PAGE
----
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Monatshefte für Chemie - Chemical Monthly

, Volume 150, Issue 9, pp 1723–1730 | Cite as

Reactive carbonyl compounds, carbonyl stress, and neuroinflammation in methyl alcohol intoxication

  • Jiri HlusickaEmail author
  • Tomas Loster
  • Lucie Lischkova
  • Manuela Vaneckova
  • Pavel Diblik
  • Pavel Urban
  • Tomas Navratil
  • Petr Kacer
  • Tereza Kacerova
  • Sergey Zakharov
Original Paper
  • 97 Downloads

Abstract

Methyl alcohol intoxications are characterized by high lethality and high prevalence of serious visual and brain damage in survivors. The mechanisms of toxic brain damage are complex and the role of carbonyl stress has not been studied yet. We measured the acute and follow-up concentrations of reactive carbonyl compounds in patients with acute methyl alcohol intoxication. Blood samples were collected from 28 subjects hospitalized with confirmed methyl alcohol intoxication and from 36 subjects who survived poisoning 2 years after discharge. Serum concentrations of C6–12 reactive aldehydes were measured by liquid chromatography–electrospray ionization–tandem mass spectrometry. The acute concentrations of all measured reactive aldehydes were higher than the follow-up concentrations: 36.4 ± 4.8 vs. 21.6 ± 5.2 ng cm−3 for C6; 38.9 ± 5 vs. 17.0 ± 2.0 ng cm−3 for C7; 18.8 ± 3.9 vs. 4 ± 0 cm−3 for C8; 36.5 ± 3.9 vs. 19.0 ± 3.0 ng cm−3 for C9; 6.1 ± 0.4 vs. 4.0 ± 0.5 ng cm−3 for C10; 13.6 ± 3.0 vs. 3.7 ± 0.6 ng cm−3 for C11; and 7.8 ± 0.4 vs. 4.7 ± 0.4 ng cm−3 for C12 (all p < 0.001). The patients who survived the intoxication had higher concentration of reactive carbonyl compounds than those who died: 38.6 ± 5.9 vs. 28.3 ± 1.7 ng cm−3 for C6 (p = 0.002); 20.7 ± 4.7 vs. 11.8 ± 1.2 ng cm−3 for C8 (p = 0.001); 37.7 ± 4.8 vs. 31.8 ± 3.8 ng cm−3 for C9 (p = 0.042); and 7.9 ± 0.6 vs. 7.3 ± 0.5 ng cm−3 for C12 (p = 0.022). A significant association was present between severity of metabolic acidosis, anion gap, and the acute concentration of measured biomarkers: r = − 0.39; p = 0.046 for C6; r = − 0.42; p = 0.035 for C7; r = − 0.48; p = 0.012 for C8; r = − 0.39; p = 0.046 for C9; and r = − 0.47; p = 0.015 for C11. The acute concentration of C6–C12 reactive aldehydes positively correlated with the acute serum concentration of leukotrienes (all p < 0.05). Acute elevation of serum concentration of reactive carbonyl compounds suggests that carbonyl stress is involved in the mechanisms of leukotriene-mediated neuroinflammatory response to methyl alcohol-induced toxic brain damage.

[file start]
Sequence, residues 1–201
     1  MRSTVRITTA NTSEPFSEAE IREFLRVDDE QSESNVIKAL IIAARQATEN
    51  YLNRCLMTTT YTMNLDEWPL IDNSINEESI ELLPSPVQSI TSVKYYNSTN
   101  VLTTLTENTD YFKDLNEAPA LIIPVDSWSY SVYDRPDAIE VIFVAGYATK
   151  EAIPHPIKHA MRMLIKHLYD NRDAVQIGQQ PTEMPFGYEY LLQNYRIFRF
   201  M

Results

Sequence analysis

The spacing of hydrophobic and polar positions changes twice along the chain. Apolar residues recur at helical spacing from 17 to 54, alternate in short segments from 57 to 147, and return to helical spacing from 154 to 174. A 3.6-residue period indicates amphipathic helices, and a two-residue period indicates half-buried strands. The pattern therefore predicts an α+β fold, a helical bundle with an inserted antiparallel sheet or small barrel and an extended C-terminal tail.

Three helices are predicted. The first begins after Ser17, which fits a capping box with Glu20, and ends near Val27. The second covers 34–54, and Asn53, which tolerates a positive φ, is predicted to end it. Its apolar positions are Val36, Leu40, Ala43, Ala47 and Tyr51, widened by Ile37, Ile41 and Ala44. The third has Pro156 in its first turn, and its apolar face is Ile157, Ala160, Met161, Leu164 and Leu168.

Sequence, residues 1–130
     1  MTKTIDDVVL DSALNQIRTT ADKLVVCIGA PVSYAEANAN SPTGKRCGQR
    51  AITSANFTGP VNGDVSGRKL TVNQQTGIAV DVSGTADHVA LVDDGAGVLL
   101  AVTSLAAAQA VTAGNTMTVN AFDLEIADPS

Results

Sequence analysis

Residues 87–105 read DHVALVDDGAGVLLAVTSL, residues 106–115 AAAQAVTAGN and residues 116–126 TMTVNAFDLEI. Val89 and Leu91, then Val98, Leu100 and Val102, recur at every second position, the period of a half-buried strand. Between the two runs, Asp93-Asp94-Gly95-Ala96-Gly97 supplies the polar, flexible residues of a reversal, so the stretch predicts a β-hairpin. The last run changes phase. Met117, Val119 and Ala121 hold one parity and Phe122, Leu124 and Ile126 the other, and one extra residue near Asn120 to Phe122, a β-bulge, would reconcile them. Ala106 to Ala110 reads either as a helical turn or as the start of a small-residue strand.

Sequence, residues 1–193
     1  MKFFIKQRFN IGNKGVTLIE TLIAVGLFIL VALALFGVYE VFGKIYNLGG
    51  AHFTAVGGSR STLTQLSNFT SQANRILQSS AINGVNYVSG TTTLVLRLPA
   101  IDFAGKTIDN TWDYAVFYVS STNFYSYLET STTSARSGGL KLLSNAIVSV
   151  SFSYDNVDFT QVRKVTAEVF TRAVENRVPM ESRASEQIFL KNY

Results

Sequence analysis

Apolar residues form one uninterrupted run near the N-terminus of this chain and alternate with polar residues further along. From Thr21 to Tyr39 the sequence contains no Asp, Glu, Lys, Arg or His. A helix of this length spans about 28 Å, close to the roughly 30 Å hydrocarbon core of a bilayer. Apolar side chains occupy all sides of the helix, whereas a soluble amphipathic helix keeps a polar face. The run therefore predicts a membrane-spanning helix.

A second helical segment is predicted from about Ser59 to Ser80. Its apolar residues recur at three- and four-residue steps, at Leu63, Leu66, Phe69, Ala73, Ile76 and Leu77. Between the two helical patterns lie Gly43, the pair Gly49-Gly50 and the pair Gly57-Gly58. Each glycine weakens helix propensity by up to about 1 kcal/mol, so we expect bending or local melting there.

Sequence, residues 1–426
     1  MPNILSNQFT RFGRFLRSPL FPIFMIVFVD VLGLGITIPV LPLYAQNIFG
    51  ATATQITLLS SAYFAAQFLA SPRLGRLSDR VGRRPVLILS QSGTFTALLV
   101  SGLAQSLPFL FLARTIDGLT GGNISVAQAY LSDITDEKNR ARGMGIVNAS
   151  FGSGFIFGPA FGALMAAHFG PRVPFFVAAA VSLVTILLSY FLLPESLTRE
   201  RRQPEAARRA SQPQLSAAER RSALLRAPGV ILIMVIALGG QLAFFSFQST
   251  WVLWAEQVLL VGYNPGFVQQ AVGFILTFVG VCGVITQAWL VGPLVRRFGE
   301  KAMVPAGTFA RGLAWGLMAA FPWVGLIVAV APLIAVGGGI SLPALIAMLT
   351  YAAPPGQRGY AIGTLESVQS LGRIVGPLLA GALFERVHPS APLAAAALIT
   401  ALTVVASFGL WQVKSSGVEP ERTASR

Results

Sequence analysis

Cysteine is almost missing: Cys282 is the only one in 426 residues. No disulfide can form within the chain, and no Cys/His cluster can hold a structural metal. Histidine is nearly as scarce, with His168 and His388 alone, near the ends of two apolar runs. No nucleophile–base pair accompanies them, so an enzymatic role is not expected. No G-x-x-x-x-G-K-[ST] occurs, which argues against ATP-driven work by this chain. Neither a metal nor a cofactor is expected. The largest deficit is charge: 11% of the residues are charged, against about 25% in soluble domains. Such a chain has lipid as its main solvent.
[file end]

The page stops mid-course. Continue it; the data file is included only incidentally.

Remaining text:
Graphical abstract

Keywords

Methanol Poisoning Carbonyl stress Markers Neuroinflammation 

Notes

Acknowledgements

This work was supported by the Ministry of Health of the Czech Republic (AZV) under Grant 16-27075A; and under Grant 44/18/D; and by the First Faculty of Medicine, Charles University in Prague under Grant PROGRES Q25; and under Grant PROGRES Q29.

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Copyright information

© Springer-Verlag GmbH Austria, part of Springer Nature 2019

Authors and Affiliations

  • Jiri Hlusicka
    • 1
    • 2
    Email author
  • Tomas Loster
    • 3
  • Lucie Lischkova
    • 1
    • 2
  • Manuela Vaneckova
    • 4
  • Pavel Diblik
    • 5
  • Pavel Urban
    • 2
    • 6
  • Tomas Navratil
    • 7
    • 8
  • Petr Kacer
    • 9
  • Tereza Kacerova
    • 10
  • Sergey Zakharov
    • 1
    • 2
  1. 1.Toxicological Information CentreGeneral University HospitalPragueCzech Republic
  2. 2.Department of Occupational Medicine, First Faculty of MedicineCharles UniversityPragueCzech Republic
  3. 3.Department of Statistics and ProbabilityUniversity of Economics, Faculty of Informatics and StatisticsPragueCzech Republic
  4. 4.Department of Radiology, First Faculty of MedicineCharles University and General University HospitalPragueCzech Republic
  5. 5.Department of Ophthalmology, First Faculty of MedicineCharles University and General University HospitalPragueCzech Republic
  6. 6.Centre for Industrial Hygiene and Occupational MedicineNational Institute of Public HealthPragueCzech Republic
  7. 7.J. Heyrovsky Institute of Physical Chemistry of the Czech Academy of SciencesPragueCzech Republic
  8. 8.Institute of Medical Biochemistry and Laboratory Diagnostics, First Faculty of MedicineCharles University and General University HospitalPragueCzech Republic
  9. 9.Czech University of Life SciencesPragueCzech Republic
  10. 10.Department of ChemistryUniversity College LondonLondonUK

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